Issues of Interest

GHOST ORCHIDS  A group of scientists from Illinois College has been transplanting lab-grown ghost orchids into the Florida Panther National Wildlife Refuge. The results are promising as 80 percent are still thriving a year later. The endangered ghost orchid is highly sensitive to climate conditions, pesticides, pollinator loss and human activity. There are approximately 2,000 wild ghost orchids in South Florida.

ALLIGATOR HUNTING The annual alligator hunt  commenced Monday, August 22nd. More than 6,000 hunters were awarded permits which will allow them to kill up to two alligators during the season before it ends November 1st. The alligator was one of the original species protected under the Endangered Species Act of 1973. Populations recovered quickly and hunting resumed in 1988. Last season’s hunt yielded 6,694 alligators, with an average length of eight feet, four inches. There are an estimated 1.3 million alligators in Florida.

BEAR RESISTANT TRASH CANS Florida’s Fish and Wildlife Conservation Commission signed an agreement on August 17th with Waste Pro to make bear resistant trash cans more readily available to citizens who live in areas where bear-human interactions occur.   The Legislature earmarked $825,000 to help make the cans more affordable.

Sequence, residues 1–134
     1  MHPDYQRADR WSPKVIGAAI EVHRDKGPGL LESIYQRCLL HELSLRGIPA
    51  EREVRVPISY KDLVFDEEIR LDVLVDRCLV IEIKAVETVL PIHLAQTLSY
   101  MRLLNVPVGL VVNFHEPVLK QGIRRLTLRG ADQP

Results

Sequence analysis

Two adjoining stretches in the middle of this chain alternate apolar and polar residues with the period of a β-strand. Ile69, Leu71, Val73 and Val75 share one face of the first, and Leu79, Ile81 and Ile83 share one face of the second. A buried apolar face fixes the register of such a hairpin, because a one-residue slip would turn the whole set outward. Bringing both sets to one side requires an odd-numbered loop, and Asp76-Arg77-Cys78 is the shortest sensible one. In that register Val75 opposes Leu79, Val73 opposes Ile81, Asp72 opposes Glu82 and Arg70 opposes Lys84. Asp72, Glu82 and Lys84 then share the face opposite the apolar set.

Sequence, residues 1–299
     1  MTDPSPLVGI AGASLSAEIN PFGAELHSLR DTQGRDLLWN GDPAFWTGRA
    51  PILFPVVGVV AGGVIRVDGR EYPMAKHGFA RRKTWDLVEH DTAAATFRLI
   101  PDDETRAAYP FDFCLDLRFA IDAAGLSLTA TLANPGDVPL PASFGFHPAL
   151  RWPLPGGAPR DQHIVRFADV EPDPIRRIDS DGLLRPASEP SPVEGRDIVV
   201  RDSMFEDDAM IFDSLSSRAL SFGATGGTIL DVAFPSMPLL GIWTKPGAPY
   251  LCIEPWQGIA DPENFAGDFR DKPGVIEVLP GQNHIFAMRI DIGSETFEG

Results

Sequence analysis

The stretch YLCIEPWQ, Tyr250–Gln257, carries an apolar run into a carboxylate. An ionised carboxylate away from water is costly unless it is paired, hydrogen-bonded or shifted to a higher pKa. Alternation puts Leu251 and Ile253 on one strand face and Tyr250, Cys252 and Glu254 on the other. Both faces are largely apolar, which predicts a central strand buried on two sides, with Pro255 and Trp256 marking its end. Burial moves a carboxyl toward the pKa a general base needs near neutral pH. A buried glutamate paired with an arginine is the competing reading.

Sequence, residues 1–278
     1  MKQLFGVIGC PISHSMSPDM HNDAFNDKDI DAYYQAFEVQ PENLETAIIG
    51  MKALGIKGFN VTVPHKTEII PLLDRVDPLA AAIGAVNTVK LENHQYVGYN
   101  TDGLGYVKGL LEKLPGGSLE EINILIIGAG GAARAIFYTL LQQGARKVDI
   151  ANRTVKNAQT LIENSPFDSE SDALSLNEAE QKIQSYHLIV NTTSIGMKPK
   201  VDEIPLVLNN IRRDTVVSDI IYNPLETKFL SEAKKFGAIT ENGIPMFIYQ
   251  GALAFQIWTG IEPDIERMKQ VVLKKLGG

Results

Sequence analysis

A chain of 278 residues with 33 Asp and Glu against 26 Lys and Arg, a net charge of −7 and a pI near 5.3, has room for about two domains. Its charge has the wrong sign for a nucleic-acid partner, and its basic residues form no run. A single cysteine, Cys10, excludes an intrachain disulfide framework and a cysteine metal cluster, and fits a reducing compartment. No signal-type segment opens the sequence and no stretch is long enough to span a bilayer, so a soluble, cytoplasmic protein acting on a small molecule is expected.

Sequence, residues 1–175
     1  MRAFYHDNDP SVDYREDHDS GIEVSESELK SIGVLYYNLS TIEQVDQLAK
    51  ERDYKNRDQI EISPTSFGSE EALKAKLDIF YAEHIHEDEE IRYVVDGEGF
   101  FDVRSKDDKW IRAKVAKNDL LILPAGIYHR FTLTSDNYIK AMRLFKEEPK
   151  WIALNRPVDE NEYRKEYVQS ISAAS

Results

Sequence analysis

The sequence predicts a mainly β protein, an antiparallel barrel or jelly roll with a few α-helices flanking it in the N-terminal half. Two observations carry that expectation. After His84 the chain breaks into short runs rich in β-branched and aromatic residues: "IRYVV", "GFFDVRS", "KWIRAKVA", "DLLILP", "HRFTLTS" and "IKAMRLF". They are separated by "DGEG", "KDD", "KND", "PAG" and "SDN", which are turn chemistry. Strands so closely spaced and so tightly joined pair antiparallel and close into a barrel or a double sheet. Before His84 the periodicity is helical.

FLORIDA CONSTITUTION REVISIONS COMMISSION  Applications are being accepted for the Florida Constitution Revision Commission. The 37 member Commission convenes every 20 years to review Florida’s Constitution and propose potential changes to be approved by Florida voters. Governor Scott will appoint 15, the Florida Senate President will appoint nine, the Speaker of the Florida House of Representatives will appoint nine, the Chief Justice of the Florida Supreme Court will appoint three, and the Florida Attorney General will be automatically appointed. The application may be found here.

CAPITOL PARKING GARAGES The Senate garage and other areas of the Capitol plaza will be getting a facelift after it was determined that serious repairs were needed due to tree root damage and dirt weakening the parking deck structure. Dozens of trees and 7,300 tons of dirt have already been removed before repairs could commence. The Legislature allocated $36 million for the project.

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